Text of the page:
My Day as a FIRST LEGO League Referee

[Editor’s note: At Adafruit we’re having some FIRST robotics participants post up on Adafruit, Today’s is from Harry – here’s a quick note about him ” I’m 17 years old, have been involved in FIRST LEGO League in various ways for 8 years. I’m currently a junior in college majoring in Physics, but will be transferring to a different school in the fall to pursue a degree in Electrical Engineering. In my spare time I work on various Open Hardware projects, which can be found at]

Early on a Saturday morning (5:40 AM to be exact) a small group of dedicated volunteers, including me, arrived at a university’s field house. We moved quickly, setting up breakfast, making coffee, triple-checking our preparations, and taking a collective deep breath. We knew that in an hour, over 500 middle school students and their mentors would arrive, and that we’d be running on adrenaline for the next 12 hours. Such is the life of an inner-circle FIRST LEGO League event volunteer.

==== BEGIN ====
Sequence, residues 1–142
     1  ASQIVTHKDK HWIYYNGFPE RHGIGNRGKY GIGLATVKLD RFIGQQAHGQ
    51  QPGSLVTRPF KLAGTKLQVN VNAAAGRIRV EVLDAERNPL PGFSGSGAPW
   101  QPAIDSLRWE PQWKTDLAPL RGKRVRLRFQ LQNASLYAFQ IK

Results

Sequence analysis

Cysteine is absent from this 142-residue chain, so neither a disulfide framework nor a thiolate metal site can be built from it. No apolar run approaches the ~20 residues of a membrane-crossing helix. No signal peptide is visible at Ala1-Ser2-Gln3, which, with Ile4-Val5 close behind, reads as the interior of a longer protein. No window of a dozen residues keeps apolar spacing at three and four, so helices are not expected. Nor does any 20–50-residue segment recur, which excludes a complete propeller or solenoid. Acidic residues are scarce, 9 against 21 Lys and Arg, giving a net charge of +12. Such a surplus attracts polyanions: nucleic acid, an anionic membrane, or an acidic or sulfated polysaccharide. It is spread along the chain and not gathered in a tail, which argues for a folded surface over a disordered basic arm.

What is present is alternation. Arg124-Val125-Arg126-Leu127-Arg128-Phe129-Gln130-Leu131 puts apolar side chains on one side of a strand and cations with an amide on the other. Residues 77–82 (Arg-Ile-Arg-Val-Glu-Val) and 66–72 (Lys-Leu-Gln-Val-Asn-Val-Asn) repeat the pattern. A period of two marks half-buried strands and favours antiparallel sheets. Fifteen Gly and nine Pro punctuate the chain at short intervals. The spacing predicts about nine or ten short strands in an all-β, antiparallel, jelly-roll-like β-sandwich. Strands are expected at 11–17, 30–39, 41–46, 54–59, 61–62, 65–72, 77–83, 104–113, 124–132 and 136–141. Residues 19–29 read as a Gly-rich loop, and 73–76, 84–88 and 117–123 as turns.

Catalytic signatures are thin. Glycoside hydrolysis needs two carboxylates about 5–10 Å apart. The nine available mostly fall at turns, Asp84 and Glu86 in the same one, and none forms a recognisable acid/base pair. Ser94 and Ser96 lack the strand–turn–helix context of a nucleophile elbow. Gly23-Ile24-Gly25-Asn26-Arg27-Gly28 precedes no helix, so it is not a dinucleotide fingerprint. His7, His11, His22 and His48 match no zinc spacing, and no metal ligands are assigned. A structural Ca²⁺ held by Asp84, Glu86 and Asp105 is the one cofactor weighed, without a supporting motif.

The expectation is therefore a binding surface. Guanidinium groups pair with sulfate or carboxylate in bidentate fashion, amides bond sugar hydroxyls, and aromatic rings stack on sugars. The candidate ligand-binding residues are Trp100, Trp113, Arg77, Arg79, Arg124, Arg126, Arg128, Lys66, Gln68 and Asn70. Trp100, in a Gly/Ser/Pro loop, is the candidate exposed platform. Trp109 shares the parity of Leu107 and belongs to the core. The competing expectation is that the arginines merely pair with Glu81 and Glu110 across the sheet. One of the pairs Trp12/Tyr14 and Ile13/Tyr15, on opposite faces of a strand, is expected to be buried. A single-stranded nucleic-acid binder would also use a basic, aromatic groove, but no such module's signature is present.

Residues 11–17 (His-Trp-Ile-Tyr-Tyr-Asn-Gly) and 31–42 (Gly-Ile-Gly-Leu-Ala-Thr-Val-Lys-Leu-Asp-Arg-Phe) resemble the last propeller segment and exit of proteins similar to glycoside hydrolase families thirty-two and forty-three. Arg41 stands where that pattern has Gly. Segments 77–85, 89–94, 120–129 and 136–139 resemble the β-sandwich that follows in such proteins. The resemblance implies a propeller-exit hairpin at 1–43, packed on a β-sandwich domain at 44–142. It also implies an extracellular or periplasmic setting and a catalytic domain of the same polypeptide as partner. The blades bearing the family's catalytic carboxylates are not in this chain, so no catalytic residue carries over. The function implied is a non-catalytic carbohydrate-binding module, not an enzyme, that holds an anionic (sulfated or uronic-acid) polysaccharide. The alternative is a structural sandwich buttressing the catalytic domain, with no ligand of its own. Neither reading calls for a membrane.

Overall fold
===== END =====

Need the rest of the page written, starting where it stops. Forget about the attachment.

What a crowd! Above, teams compete while other teams are queued.

FIRST LEGO League is an international robotics competition for 9-14 year olds run by the organization founded by inventor Dean Kamen, of insulin pump and Segway fame. Teams of students build and program LEGO autonomous robots that compete on a standardized 4’ x 8’ table covered with LEGO field models. Since the theme of the competition this year was food safety, a typical mission would be for the robot to retrieve a truck filled with groceries, allowing the students to remove the groceries, load them onto their robot, and deliver them to a kitchen table. Teams have 2.5 minutes to rack up points completing as many tasks as possible, in any order. During the season, the teams also research a topic related to the year’s theme, and create a 5-minute presentation to discuss their results. Teams in the USA bring their robots and presentations to state and regional competitions in an effort to advance, either to the international World Festival held in St. Louis, or one of the FLL Open tournaments.

Teams who win awards also receive these LEGO trophies.